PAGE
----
Each program should include a comment section that includes (minimally) your name, the lab and exercise number, and a description of what the program accomplishes.

Submit a lab report (a Word document) containing the following information to the Dropbox for Week 3. Include your name and the lab or lab-exercise number. Specification:

Include a brief description of what the program accomplishes, including its input, key processes, and output. Test Plan: Include a brief description of the method you used to confirm that your program worked properly. If necessary, include a clearly labeled table with test cases, predicted results, and actual results. Summary and Conclusions:

Includea summary of what the lab demonstrated and any conclusions drawn from the testing of the lab program. Provide a UML diagram showing the base and the derived class relationships, access specifiers, data types, and function arguments. Answers to Lab Questions: Answer any and all of the lab questions included in the lab steps.
Summary: Write a statement summarizing your predicted and actual output. Identify and explain any differences.
Conclusions: Write at least one nontrivial paragraph that explains, in detail, either a significant problem you had and how you solved it or, if you had no significant problems, something you learned by doing the exercise.

Each lab exercise should have a separate section in the lab-report document.

Your lab grade is based upon the formatting of your source code; the use of meaningful identifiers; the extent of internal documentation; the degree to which an exercises’ specifications are met; and the completeness of your lab report.

i L A B S T E P S

STEP 1: Create the Multifile Project and the Main (Base) Class

Create a updated project that consists of the base class BankAccount. The BankAccount class should contain, at minimum, the following members.

It should contain data members to store a bank customer’s balance and account number. These should be of different and appropriate data types. It should have function members that do the following: set the account number; return the account number; return the account balance; deposit money into the account; and withdraw money from the account.

STEP 2: Create the CheckingAccount Class Derived From the BankAccount Class

The class CheckingAccount should contain, at a minimum, the following members.

It should contain a data member to keep track of the number of withdrawal transactions made on the account. Whenever a withdrawal is made, this number should be incremented. Override the base class, withdraw-money function, and add the capability to deduct transaction fees from an account using the following guidelines.
The checking account is allowed three free transactions. For each successful withdrawal transaction past the three free transactions, there will be a service fee of 50
cents per transaction. The service fee should be deducted from the account balance at the time the transaction is made. If there are insufficient funds in the account balance to cover the withdrawal plus the service fee, the withdrawal should be denied. The function should return a value to indicate whether the transaction succeeded or failed. Transaction fees should be deducted only from successful transactions, but the transaction count should be incremented in either case.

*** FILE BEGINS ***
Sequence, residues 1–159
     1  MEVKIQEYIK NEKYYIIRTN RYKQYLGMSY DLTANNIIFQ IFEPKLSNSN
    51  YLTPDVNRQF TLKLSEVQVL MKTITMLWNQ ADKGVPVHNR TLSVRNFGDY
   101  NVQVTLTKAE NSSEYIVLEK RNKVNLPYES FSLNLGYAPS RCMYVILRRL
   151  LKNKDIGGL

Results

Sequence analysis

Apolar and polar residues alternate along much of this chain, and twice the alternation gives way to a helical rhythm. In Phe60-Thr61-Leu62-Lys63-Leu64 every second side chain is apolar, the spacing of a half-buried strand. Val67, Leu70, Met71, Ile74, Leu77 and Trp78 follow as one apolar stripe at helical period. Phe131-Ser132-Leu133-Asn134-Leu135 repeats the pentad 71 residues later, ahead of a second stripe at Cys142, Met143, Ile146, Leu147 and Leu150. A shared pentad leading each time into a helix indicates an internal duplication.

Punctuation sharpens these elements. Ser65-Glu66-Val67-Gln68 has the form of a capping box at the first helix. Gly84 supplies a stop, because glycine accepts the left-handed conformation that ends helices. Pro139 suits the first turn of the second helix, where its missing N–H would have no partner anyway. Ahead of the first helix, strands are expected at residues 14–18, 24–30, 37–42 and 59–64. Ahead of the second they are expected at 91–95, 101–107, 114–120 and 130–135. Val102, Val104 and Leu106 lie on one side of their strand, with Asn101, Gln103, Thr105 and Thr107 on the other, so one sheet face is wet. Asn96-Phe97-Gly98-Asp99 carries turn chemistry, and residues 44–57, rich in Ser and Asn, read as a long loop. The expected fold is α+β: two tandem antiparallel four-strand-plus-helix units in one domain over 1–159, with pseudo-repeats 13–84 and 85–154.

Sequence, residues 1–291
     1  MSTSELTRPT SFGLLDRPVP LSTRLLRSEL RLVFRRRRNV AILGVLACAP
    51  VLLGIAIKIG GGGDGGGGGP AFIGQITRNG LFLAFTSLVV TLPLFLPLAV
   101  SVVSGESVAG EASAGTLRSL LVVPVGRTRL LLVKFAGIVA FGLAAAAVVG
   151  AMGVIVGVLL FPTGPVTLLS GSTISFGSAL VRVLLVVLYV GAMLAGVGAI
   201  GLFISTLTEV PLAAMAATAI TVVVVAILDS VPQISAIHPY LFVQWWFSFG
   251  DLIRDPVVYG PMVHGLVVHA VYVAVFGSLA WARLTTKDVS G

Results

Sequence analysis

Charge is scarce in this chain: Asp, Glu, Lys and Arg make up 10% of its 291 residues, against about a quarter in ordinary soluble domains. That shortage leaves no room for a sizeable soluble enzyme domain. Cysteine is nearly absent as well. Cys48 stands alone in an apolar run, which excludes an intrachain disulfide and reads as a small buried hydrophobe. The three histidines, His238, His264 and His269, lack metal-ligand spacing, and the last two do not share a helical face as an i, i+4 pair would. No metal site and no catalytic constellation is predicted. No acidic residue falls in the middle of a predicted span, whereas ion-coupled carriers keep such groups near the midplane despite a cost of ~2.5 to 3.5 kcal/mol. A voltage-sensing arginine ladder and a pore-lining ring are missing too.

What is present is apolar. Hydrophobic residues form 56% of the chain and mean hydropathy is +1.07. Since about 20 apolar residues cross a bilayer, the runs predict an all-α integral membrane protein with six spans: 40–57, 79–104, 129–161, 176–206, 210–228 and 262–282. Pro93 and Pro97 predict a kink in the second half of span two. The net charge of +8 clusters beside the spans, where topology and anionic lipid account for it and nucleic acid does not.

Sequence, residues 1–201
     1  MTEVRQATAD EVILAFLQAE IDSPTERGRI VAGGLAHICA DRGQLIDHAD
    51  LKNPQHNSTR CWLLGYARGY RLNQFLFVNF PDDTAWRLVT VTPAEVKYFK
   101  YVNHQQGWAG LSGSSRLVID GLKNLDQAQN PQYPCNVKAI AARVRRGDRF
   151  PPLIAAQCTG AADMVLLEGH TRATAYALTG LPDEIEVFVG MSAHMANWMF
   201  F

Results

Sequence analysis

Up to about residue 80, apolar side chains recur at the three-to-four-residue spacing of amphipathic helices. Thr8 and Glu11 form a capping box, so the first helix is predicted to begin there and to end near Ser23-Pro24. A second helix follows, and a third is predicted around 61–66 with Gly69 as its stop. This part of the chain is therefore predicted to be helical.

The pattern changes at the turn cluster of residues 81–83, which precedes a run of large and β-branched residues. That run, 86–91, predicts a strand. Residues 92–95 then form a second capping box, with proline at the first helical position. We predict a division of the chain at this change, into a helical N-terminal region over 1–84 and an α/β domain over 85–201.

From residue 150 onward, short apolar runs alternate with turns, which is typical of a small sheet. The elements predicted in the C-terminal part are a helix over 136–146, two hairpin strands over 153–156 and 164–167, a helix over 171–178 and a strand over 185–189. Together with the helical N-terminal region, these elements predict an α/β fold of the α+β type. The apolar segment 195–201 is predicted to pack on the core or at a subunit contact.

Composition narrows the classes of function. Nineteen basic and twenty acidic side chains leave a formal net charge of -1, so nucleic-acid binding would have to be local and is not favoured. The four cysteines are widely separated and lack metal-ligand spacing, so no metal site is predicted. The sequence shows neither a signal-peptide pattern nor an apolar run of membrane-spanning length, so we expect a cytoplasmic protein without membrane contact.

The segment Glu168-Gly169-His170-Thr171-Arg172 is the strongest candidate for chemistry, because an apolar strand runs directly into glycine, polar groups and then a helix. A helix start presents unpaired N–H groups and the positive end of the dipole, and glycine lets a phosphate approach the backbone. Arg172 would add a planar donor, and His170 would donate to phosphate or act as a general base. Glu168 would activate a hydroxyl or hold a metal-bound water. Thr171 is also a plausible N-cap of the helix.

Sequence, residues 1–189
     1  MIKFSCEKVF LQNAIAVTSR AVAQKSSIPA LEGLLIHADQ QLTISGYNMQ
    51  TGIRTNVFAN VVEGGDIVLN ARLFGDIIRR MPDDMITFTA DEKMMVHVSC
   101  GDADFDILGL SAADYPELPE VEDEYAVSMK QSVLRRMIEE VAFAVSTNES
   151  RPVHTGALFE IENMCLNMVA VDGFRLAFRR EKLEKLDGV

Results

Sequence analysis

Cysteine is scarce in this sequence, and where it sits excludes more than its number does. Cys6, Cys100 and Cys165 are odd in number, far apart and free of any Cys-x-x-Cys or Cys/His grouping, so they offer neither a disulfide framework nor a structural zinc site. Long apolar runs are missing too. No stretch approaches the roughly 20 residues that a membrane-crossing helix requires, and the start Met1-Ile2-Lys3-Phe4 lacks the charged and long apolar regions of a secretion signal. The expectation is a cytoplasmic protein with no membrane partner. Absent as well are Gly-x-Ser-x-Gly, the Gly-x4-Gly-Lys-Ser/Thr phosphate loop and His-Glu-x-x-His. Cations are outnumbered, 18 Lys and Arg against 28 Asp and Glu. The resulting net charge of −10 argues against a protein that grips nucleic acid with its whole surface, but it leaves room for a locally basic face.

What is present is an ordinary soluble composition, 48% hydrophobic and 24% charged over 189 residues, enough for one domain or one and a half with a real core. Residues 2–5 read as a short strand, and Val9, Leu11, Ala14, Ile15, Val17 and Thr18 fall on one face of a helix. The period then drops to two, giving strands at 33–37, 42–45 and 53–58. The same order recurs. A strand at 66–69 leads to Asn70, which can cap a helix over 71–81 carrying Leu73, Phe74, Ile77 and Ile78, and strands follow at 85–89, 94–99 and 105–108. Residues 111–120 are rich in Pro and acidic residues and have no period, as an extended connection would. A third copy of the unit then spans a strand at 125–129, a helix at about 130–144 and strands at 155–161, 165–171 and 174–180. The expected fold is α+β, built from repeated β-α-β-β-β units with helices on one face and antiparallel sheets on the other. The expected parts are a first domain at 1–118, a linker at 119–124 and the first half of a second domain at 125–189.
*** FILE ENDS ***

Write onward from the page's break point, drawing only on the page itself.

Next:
STEP 3: Create the SavingsingAccount Class Derived From the BankAccount Class

The class CheckingAccount should contain, at a minimum, the following members.
It should contain a data member to hold the daily interest rate. The daily interest rate can be calculated from a yearly interest rate by dividing the annual rate by 365.
It should contain a data member to keep track of the number of days since the last transaction or balance inquiry. This should be updated using a random-number
generator (reference Lab 1) that will return a value representing the number of days between 0 and 7, inclusive. We will assume that this bank is open every day of the year. It should contain a data member to hold the interest earned since the last transaction or balance inquiry. It should contain a function member to set the annual interest rate.

Utilize the base-class functions for both withdrawal and deposit operations for the savings account. Override the base-class-balance inquiry function to add calculating
and adding interest to the account based on the daily interest rate, the current balance of the account, and the number of days since the last balance inquiry.
This should be called only when a balance inquiry is made, not when a deposit or withdrawal transaction or an account number inquiry is made. If there are insufficient funds in the account balance to cover a withdrawal, the withdrawal should be denied. The number of days since the last transaction or balance inquiry and the interest calculations should still be made. A value should be returned to indicate whether a withdrawal transaction succeeded or failed. It should contain a function member to return the interest earned since the last transaction or balance inquiry. It should contain a function member to return the number of days since the last transaction or balance inquiry.

STEP 4: Test Program Operation

All data-input and data-display operations (cin and cout) should be done in the function main() test program. The test program should create one checking account and one savings account with initial balances of \$100 each using the functions defined in the class definitions. The test program should also assign a unique, five-digit account number to each account and assign an annual interest rate of 3% for the savings account. The test program should then display a menu that allows the user to select which option is to be performed on which account, including the following. Make a deposit and specify the amount to a selected or an entered account. Make a with drawal and specify the amount to a selected or an entered account. Return the balance of a selected or an entered account. For deposit transactions, withdrawal